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Heavy metal tolerance and accumulation of Cd, Cr and Ni by Cannabis sativa L.

Sandra Citterio, Angela Santagostino, Pietro Fumagalli, Nadia Prato, Paolo Ranalli and Sergio Sgorbati
Plant and Soil
Vol. 256, No. 2 (October 2003), pp. 243-252
Published by: Springer
Stable URL: http://www.jstor.org/stable/24124245
Page Count: 10
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Heavy metal tolerance and accumulation of Cd, Cr and Ni by Cannabis sativa L.
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Abstract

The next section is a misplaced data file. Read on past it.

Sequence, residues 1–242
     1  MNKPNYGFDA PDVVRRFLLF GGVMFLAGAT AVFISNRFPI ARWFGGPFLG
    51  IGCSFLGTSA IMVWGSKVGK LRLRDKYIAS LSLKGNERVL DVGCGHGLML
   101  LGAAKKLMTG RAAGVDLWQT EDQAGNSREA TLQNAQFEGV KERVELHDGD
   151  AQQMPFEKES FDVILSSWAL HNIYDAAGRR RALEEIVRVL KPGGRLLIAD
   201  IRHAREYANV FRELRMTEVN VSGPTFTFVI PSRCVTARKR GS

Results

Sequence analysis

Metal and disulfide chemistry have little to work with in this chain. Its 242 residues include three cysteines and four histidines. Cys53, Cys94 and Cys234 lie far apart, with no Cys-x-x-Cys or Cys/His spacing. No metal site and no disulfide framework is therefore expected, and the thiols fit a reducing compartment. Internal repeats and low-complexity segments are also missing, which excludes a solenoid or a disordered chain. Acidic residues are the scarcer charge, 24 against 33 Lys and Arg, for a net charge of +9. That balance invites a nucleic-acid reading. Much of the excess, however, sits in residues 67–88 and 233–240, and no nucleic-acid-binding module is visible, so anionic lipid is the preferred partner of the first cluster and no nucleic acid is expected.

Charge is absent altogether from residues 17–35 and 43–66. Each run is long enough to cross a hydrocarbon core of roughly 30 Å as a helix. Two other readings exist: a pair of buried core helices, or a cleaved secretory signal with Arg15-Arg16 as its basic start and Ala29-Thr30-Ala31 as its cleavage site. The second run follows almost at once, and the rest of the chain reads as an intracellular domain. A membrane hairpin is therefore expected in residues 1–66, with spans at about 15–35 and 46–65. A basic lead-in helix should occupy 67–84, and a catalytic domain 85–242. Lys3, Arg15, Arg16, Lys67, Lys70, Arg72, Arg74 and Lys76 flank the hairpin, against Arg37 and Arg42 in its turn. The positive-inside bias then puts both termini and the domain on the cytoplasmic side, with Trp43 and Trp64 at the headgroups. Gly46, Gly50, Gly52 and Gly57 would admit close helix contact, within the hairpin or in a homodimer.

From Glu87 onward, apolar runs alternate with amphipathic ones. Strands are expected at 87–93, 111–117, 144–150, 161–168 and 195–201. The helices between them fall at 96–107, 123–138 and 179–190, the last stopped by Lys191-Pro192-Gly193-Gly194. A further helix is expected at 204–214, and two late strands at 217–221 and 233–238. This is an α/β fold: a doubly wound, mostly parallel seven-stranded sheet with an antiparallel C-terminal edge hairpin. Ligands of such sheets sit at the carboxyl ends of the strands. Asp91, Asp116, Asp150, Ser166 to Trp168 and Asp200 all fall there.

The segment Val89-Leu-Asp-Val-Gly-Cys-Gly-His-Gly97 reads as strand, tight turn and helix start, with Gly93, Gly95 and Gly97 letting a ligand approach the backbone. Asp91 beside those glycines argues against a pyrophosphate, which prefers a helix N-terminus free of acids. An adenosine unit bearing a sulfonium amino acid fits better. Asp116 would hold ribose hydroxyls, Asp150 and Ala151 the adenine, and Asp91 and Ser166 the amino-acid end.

Experiments in semi-natural conditions were undertaken to assess hemp metal tolerance and its ability to accumulate cadmium, nickel and chromium. Cannabis sativa was grown in two soils, S1 and S2, containing 27, 74, 126 and 82, 115, 139 μg g-1 of Cd, Ni and Cr, respectively. After two months from germination and at ripeness, no significant alteration in plant growth or morphology was detected. On the contrary, a high hemp reactivity to heavy metal stress with an increase in phytochelatin and DNA content was observed during development, suggesting the Cannabis sativa ability to avoid cell damage by activating different molecular mechanisms. Metals were preferentially accumulated in the roots and only partially translocated to the above-ground tissues. The mean shoot Cd content was 14 and 66 μg g-1 for S1 and S2 soil, respectively. Although not negligible concentrations they were about 100 times lower than those calculated for the hyperaccumulator Thlaspi caerulescens. Similarly Ni uptake was limited if compared with that of the Ni-hyperaccumulator Alyssum murale. Chromium uptake was negligible. As expected on the base of the metal concentration detected in ripe plants, no statistically significant variation in soil metal content was detected after one crop of hemp. Nevertheless, a consistent amount (g) of Cd and Ni is expected to be extracted by 1 ha biomass of hemp (about 10 t) per year and along the time a slow restoration of deeper soil portions can be obtained by its wide root system (at least 0,5 m deep). In addition, the possibilities of growing hemp easily in different climates and using its biomass in non-food industries can make heavy metal contaminated soils productive. This means economical advantage along with a better quality of soil.

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